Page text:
SACRAMENTO, California (AP) — After putting off routine health care for much of the pandemic, Americans are now returning to doctors’ offices in big numbers — a trend that’s starting to show up in higher insurance rates across the country.
Health insurers in individual marketplaces across 13 states and Washington D.C. will raise rates an average of 10% next year, according to a review of rate filings by the Kaiser Family Foundation.
That’s a big increase after premiums remained virtually flat for several years during the pandemic as insurers seek to recoup costs for more people using their policies, combined with record-high inflation that is driving up prices for virtually everything, including health care.
The rates review included Georgia, Indiana, Iowa, Kentucky, Maryland, Michigan, Minnesota, New York, Oregon, Rhode Island, Texas, Vermont and Washington.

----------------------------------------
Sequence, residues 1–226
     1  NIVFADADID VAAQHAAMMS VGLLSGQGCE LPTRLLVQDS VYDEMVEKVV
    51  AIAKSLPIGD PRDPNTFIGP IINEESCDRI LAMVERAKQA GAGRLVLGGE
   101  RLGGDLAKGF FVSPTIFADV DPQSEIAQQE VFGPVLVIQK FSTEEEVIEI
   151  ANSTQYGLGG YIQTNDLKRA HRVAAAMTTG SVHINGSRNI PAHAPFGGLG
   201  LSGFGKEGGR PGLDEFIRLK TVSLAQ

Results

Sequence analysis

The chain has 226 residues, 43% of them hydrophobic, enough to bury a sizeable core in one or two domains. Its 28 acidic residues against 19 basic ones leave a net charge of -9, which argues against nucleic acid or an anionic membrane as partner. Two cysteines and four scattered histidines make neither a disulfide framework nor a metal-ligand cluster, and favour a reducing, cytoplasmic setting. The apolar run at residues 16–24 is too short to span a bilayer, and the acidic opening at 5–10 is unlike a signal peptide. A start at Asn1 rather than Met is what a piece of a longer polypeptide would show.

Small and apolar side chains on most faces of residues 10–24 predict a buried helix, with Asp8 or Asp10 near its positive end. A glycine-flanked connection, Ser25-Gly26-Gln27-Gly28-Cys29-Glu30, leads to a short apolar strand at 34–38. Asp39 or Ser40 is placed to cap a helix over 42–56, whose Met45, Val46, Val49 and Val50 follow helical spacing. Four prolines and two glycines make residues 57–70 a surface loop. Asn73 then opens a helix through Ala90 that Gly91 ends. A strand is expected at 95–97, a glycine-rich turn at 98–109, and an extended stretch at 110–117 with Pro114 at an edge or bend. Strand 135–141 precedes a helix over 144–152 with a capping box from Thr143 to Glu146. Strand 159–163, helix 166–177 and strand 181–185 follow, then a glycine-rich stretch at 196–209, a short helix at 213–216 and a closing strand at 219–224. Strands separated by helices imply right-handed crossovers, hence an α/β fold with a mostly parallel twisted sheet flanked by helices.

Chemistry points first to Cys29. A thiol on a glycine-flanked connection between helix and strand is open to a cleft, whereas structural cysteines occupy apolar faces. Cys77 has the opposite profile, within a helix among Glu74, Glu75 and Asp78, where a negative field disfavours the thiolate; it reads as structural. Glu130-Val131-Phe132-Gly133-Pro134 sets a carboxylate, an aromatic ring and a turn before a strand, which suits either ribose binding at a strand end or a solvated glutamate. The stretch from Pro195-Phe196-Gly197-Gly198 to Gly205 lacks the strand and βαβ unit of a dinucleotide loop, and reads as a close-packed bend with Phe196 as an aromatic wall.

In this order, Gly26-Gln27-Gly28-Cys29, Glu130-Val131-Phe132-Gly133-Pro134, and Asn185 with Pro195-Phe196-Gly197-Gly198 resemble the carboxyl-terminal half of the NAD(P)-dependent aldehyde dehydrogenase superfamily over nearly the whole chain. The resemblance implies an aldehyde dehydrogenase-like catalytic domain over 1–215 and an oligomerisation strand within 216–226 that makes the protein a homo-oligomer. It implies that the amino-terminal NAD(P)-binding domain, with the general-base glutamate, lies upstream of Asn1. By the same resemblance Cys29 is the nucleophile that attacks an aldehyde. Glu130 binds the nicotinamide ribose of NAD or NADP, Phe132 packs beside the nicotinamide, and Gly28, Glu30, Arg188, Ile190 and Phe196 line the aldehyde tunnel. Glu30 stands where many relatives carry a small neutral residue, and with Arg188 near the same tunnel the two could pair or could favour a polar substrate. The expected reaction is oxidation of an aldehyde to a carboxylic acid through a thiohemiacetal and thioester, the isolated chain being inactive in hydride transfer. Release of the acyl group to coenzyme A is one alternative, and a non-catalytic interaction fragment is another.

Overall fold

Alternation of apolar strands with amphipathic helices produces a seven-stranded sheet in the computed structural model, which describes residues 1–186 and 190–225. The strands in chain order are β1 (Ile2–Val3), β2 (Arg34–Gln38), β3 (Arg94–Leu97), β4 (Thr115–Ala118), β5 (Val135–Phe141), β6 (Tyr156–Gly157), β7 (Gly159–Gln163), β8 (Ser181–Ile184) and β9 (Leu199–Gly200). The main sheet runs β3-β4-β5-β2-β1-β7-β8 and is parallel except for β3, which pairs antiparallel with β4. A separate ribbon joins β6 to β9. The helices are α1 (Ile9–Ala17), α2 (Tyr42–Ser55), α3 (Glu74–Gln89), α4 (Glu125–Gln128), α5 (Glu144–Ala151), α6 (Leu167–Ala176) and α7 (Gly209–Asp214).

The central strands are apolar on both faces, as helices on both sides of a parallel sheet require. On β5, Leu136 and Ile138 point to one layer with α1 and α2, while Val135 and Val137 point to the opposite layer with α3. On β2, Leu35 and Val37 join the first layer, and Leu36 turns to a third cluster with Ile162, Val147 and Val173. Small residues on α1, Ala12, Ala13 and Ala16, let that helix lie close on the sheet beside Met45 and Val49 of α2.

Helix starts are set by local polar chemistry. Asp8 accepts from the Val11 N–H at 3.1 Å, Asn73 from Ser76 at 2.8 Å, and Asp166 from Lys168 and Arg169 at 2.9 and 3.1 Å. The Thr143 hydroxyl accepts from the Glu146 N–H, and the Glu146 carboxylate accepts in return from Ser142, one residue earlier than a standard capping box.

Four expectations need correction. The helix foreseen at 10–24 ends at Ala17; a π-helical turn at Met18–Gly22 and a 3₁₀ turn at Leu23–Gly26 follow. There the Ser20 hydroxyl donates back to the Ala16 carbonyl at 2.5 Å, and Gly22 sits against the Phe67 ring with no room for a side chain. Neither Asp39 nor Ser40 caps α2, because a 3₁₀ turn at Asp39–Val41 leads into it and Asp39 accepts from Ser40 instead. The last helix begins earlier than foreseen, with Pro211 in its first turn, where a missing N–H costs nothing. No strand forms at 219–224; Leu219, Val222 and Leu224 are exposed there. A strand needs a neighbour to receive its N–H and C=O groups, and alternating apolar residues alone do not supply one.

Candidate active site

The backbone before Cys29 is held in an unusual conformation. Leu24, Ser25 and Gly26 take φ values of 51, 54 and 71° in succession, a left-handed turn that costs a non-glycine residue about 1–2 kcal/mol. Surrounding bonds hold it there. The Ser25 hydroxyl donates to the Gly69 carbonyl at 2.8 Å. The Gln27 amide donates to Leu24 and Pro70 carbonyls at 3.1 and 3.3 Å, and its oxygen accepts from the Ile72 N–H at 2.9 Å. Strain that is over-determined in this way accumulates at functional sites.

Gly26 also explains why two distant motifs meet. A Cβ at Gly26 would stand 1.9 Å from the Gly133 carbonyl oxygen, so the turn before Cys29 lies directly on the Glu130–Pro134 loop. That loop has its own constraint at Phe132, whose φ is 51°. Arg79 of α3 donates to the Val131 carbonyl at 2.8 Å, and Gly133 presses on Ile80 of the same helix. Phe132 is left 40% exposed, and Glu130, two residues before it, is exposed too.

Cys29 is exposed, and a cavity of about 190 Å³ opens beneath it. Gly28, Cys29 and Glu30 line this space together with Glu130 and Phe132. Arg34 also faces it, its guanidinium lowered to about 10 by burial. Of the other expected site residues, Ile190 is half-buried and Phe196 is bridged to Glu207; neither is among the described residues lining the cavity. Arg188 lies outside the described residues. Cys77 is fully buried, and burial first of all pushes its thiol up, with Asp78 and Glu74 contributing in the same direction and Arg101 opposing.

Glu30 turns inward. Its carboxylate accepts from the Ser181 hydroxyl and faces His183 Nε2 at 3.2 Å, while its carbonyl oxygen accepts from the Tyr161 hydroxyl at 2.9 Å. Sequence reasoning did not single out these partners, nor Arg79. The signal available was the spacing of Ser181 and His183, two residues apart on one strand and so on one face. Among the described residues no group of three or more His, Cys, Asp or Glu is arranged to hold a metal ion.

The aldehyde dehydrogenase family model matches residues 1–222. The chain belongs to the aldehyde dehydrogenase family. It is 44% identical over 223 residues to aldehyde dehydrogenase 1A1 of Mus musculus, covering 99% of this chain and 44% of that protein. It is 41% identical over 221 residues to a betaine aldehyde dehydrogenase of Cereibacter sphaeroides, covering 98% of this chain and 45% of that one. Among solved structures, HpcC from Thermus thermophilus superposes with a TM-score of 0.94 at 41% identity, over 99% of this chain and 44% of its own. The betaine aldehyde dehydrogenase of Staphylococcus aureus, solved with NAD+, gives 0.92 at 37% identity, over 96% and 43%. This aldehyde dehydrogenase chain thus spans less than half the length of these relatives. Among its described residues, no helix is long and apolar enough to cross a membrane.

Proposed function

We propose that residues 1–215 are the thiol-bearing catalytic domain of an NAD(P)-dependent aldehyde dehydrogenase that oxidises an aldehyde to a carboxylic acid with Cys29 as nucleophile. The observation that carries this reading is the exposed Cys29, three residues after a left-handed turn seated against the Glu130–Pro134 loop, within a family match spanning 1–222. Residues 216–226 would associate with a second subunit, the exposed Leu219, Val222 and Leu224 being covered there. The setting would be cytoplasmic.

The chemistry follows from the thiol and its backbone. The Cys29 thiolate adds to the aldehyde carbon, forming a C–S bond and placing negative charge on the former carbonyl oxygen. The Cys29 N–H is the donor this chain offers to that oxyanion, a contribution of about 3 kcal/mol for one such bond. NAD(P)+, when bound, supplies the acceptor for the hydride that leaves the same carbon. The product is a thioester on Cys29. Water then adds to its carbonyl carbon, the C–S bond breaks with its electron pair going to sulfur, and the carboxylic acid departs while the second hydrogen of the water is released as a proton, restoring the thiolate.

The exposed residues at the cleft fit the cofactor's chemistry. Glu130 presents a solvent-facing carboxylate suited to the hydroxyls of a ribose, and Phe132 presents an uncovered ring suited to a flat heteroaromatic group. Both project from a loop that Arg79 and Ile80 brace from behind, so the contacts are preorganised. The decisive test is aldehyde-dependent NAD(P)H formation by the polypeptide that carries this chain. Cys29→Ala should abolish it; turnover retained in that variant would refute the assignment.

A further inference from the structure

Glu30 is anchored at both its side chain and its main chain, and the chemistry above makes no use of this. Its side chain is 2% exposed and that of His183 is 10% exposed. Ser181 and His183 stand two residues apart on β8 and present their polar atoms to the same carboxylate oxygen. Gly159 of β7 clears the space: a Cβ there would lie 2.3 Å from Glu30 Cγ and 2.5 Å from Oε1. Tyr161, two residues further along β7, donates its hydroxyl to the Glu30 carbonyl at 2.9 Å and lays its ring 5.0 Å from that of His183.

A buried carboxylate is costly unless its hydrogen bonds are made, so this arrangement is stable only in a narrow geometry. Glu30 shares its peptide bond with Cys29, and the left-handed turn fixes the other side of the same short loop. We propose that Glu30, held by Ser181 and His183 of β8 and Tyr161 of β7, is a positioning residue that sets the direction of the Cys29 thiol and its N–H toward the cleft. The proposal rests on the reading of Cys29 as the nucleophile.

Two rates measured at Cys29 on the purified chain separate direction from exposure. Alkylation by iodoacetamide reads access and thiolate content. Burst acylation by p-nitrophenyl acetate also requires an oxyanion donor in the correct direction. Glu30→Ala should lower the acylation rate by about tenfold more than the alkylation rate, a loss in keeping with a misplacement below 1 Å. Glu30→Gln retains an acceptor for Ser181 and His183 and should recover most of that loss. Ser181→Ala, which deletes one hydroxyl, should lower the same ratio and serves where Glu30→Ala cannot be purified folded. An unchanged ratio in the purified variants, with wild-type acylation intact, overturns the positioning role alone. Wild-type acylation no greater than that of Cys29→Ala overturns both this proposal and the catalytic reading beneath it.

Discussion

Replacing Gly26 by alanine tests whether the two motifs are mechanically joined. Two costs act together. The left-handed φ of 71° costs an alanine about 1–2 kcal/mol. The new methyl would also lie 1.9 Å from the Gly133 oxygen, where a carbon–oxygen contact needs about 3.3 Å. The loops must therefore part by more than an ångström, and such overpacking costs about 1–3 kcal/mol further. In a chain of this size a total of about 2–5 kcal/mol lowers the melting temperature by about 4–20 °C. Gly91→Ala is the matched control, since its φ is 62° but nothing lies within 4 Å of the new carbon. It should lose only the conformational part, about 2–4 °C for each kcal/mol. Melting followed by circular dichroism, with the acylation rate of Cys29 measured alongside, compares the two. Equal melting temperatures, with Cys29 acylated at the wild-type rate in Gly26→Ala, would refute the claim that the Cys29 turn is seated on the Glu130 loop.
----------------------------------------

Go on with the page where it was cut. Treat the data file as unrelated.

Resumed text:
“We’re at a point in the pandemic where people are using health care that they
Hundreds of thousands of public workers, early retireesm and school employees in New Jersey are facing potential rate increases of as much as 24% for health benefits under proposals being considered by the State Health Benefits Commission.
Rate increases being considered include a 24% increase for medical and a 3.7% increase for pharmacy benefits for active public workers, as well as a 15.6% increase in medical and a 26.1% increase in pharmacy benefits for public workers who retired before the age of 65, according to an email sent to county administrators from New Jersey Association of Counties Executive Director John Donnadio.
Donnadio said in the email that the figures, which haven’t been made public, were shared by an insurance and benefits broker.
StateTreasury spokeswoman Jennifer Sciortino acknowledged rate increases were being considered and added that rates for active members and early retirees would likely increase between 12-20% across the various